Spring Budget

briefcase

After announcing that this Budget “will put the next generation first and at its heart will be a bold plan to make sure that every child gets the best start in life” – education was unsurprisingly at the forefront of the agenda.

The main headline was George Osborne announcing long anticipated plans that all schools must become academies by 2020 or have official plans to do so by 2022. The academy proposals fall under Osborne’s pledge to ‘set schools free from local bureaucracy’ and any that fail to change will be ‘forced under new radical powers to be adopted by the government’. This is a massive pledge by Osborne especially in the primary sector, as in England only 2,440 of 16,766 primary schools are already academies, leaving a huge amount to be converted.  Whilst in the secondary sector a much higher proportion have already been converted, with 2,075 out of 3,381 already under academy status.

Malcolm Trobe, interim general secretary of the Association of School and College Leaders, argued that: “Whatever the type of school, two of the essential ingredients for success are sufficient funding and teacher supply. Unfortunately, schools currently face real-terms cuts and a recruitment crisis.” Will either of these be solved by being an academy?

But are schools which are academies actually more effective? The National Children’s Bureau said there was evidence that local authorities were often as effective as academy chains in providing high quality education. In fact, the only difference is that academies at the moment tend to enjoy less examination and more freedom.  Chair of the Education Committee Neil Carmichael agrees with this “Multi-academy trusts receive little scrutiny and in our inquiry we are determined to examine the performance, accountability, and governance.”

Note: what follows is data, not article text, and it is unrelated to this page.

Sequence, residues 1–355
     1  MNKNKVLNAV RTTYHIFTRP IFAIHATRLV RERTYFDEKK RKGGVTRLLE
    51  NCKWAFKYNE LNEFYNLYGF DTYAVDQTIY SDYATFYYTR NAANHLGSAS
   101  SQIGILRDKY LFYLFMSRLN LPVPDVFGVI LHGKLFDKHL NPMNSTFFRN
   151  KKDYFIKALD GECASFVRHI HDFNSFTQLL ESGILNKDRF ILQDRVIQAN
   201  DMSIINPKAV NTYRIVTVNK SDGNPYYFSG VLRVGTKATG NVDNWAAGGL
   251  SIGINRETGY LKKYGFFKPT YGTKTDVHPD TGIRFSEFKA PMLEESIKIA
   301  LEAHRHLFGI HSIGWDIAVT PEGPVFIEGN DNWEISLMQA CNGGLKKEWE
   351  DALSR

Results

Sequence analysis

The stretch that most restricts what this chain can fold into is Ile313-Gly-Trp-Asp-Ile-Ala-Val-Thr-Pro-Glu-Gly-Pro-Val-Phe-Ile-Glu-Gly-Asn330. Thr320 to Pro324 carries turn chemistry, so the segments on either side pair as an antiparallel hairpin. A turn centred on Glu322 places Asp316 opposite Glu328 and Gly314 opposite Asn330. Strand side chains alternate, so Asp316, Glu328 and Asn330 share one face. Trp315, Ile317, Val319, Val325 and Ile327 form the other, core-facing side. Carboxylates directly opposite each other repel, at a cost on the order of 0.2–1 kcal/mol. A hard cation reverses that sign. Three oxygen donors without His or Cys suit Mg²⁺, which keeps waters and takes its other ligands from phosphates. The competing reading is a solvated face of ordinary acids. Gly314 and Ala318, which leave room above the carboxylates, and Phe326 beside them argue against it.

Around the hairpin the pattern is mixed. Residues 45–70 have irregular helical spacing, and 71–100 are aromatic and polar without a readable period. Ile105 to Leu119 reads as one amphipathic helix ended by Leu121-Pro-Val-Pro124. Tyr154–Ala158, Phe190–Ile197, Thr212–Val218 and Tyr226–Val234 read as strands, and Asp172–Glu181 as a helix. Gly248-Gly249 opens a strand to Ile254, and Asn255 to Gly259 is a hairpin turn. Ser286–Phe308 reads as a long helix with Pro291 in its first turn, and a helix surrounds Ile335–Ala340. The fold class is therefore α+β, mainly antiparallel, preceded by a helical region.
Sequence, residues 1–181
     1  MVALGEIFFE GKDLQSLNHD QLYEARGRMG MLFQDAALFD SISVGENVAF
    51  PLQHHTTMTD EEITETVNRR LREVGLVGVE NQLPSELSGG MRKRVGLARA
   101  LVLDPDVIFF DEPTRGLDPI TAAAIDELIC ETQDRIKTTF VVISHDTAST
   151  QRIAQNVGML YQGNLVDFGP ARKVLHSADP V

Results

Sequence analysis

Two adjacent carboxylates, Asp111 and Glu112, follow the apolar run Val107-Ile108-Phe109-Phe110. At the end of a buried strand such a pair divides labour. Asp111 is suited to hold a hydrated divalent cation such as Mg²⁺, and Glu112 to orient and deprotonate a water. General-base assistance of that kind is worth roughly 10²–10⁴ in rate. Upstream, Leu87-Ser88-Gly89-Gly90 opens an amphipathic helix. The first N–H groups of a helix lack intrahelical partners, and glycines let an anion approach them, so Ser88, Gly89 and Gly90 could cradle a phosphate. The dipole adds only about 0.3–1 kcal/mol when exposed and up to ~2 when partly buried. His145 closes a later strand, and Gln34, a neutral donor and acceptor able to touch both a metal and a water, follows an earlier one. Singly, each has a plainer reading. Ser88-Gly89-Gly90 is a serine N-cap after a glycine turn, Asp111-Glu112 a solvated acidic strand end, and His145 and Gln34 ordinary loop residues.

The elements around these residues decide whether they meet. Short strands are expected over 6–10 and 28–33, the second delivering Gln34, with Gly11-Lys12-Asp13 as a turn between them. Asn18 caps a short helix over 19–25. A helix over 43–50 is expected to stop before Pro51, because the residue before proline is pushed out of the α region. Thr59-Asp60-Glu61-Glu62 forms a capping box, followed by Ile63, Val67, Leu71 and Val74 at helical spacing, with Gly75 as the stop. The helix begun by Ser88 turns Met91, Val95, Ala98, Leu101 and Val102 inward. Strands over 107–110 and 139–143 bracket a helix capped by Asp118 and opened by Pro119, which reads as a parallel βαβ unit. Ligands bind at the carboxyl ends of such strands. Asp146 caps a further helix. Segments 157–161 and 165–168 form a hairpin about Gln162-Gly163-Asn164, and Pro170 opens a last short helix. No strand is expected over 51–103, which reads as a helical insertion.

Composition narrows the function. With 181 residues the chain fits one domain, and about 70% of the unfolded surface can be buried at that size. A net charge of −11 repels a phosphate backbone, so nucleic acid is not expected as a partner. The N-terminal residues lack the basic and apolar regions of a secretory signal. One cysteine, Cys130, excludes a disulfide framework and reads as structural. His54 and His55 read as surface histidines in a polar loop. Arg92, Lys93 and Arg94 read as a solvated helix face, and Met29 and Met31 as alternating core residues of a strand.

And what is the cost to deliver this pledge? The average cost of transferring a school to an academy is £45,000 – meaning the whole project will cost £700million. With just £140million put aside for the academy conversion, it leaves a £560million shortfall. Labour has warned that this black hole will leave Mr Osborne with no option but to raid the education budget for a much-needed increase in school places. Shadow Education Secretary Lucy Powell claimed: ‘The Chancellor’s plans for education are unravelling. Schools are already facing an eight per cent cut to their budgets, the first time education spending has fallen since the mid-1990s. This half a billion pound black hole in the education budget means that schools will be further out of pocket as a result. The Chancellor needs to come clean about where this money is going to come from.’

It seems clear that the main problems in education are still teacher shortages, lack of good school places and gap in education between disadvantaged children, but by turning schools into academies it is unclear how this addresses any of these issues?

Other budget proposals include a £1.5 billion package of additional funding which will mean at least a quarter of secondary schools will be given cash to provide an extra five hours a week of lessons and activities including sport and art. Other headlines are the proposal to make maths compulsory until aged 18, the sugar tax which will fund more sport in primary schools and after-school activities in secondaries. There will also be a new focus on school performance and results in the north of England with an extra £500 million to be made available to ensure a ‘fair funding formula’ to address imbalances in the system.

What do you think of the budget? Do you think the proposed academy changes will make any difference? Should the money be spent elsewhere? Have your say…

One thought on “Spring Budget

  1. How will children with SEND be affected by all schools becoming academies? Will Academies have a choice as to whether they take a child with an EHCP? How will their needs be met if schools have a choice about what services they buy in. If you have any information on how this will work, I would love to hear from you!

    Thank you.

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